Saturday 11 July, 2020

QEH rolls out US$250,000 for electronic records

The electronic records system will be rolled out in three departments at the QEH initially. 
(PHOTO: Richard Grimes)

The electronic records system will be rolled out in three departments at the QEH initially. (PHOTO: Richard Grimes)

The days of missing or misplaced notes will soon be a thing of the past as the Queen Elizabeth Hospital (QEH) has begun to implement what is being described as a “milestone in the delivery of public health care”.

The administration of the QEH hosted a press briefing this morning to deliver updates on the electronic records platform to be introduced as pilots in three of the most critical departments at the institution, Artificial Kidney Unit, Haemotology out-patients clinic and Oncology.

Director of Support Services at the QEH, Louise Bobb, said over the last three years the hospital has built a very robust communication platform based on the National Health Information Management System (NHIMS) which has since been rolled out across the health system by the Ministry of Health. 

Bobb said MedData addresses all the challenges of a manual system “when notes are not where they are supposed to be” or when protocols for patient notes are not properly adhered to by hospital staff.

“We will close the gap once and for all with the electronic system because there are no missing notes. Once the system is being used by the medical record department and the care provider in the various areas, the information is available to them - there will be no missing notes. That is a one of the key features and that everyone is excited about.”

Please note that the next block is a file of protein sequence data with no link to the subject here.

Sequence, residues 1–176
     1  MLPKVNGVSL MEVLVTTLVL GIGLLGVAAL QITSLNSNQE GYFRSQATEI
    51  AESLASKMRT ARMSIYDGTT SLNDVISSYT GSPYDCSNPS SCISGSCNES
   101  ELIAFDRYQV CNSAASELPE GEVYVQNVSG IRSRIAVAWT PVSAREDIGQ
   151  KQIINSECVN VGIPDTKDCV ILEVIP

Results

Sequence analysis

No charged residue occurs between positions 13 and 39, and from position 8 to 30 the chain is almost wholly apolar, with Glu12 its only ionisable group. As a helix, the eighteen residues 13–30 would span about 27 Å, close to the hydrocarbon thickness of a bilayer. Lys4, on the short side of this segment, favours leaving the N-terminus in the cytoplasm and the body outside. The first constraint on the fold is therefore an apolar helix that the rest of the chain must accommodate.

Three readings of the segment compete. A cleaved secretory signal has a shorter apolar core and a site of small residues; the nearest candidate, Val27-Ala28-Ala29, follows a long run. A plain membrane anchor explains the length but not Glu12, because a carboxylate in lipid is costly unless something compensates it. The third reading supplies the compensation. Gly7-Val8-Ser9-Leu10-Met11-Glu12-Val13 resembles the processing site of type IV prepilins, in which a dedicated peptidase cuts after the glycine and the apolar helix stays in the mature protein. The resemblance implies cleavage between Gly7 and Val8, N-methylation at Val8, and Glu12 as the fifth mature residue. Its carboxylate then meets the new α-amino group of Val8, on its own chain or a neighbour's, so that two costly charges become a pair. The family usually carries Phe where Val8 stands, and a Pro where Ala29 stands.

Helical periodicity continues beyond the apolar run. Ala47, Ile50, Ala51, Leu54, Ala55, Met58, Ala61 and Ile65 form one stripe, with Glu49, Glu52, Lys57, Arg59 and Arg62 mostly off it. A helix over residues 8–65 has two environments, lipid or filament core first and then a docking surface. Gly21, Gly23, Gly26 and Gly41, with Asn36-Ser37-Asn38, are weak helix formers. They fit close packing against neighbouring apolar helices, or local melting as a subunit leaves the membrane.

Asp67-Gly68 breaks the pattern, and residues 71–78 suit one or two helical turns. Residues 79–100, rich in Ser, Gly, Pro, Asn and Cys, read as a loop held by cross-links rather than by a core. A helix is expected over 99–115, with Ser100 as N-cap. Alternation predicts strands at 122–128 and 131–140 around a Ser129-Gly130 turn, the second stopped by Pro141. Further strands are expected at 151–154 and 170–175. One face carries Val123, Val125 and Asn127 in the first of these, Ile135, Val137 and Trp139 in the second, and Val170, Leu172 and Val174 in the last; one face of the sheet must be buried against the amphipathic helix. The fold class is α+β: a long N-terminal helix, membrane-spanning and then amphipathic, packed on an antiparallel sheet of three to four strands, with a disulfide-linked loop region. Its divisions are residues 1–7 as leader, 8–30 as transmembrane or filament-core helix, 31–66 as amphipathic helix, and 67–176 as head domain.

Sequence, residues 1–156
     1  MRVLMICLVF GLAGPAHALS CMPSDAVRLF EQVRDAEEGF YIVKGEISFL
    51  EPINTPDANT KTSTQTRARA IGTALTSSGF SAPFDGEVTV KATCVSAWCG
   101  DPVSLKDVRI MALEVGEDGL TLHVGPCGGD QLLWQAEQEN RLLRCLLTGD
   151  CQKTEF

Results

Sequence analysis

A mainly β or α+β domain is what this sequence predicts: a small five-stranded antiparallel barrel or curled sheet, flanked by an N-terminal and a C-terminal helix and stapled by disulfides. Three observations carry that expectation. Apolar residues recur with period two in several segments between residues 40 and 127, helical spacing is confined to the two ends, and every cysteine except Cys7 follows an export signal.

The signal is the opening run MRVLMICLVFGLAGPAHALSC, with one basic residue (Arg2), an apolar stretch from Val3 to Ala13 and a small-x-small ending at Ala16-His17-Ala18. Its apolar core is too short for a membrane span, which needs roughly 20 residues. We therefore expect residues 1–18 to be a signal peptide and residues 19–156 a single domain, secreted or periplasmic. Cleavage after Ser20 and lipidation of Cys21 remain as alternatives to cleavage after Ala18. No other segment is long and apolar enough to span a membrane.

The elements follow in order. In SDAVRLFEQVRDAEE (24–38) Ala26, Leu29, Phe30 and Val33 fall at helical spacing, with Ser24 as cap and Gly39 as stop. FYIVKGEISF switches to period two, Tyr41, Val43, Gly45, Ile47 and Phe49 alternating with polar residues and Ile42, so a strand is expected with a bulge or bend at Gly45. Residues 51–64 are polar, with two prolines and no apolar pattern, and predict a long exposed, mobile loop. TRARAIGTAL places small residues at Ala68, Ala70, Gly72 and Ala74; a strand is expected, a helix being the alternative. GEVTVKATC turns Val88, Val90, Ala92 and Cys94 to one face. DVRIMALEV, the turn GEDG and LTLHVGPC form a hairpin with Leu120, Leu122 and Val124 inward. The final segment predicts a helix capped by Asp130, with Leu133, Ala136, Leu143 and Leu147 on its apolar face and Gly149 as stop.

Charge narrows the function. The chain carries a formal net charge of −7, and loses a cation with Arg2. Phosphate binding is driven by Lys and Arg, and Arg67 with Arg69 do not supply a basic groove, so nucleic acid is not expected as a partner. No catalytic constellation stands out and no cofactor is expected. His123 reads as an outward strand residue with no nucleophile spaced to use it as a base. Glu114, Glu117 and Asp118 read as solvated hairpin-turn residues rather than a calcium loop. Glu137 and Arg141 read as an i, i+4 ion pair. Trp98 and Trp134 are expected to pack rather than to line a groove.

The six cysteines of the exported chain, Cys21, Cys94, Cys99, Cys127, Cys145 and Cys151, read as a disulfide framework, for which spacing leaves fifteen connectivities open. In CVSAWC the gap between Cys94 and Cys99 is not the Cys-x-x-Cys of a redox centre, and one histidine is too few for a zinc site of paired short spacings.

Due to the abundance of patient files housed within the Medical Records Department, the QEH has decided to update files from the last two years, approximately 200,000 files, which will take six months to be completed.

 

Some of the hard copy files in the QEH Medical Records Department.

“We want to make sure that when we roll this out that it doesn’t become an inconvenience to either the caregiver or the doctor so that they are not seeing the patient in the system and because we haven’t converted some of the patients into the electronic system that we are seeing them in the hard copy system. We want to make that transition smooth.”

On the issue of cyber security and the protection of patient information, Bobb said the QEH is in discussions for a potential provider to undergo a vulnerability analysis of the MedData platform.

The installation of the MedData platform is being managed by Populus Global Solutions Inc and Bobb noted the goal is to have the QEH run entirely on an electronic platform, which she noted would take up to five years.

She added the next department to be targeted for the MedData pilot will be the Maternal and Child Health departments.

The Backfile Conversion Project is expected to be completed within six months and has a projected cost of US$250,000.

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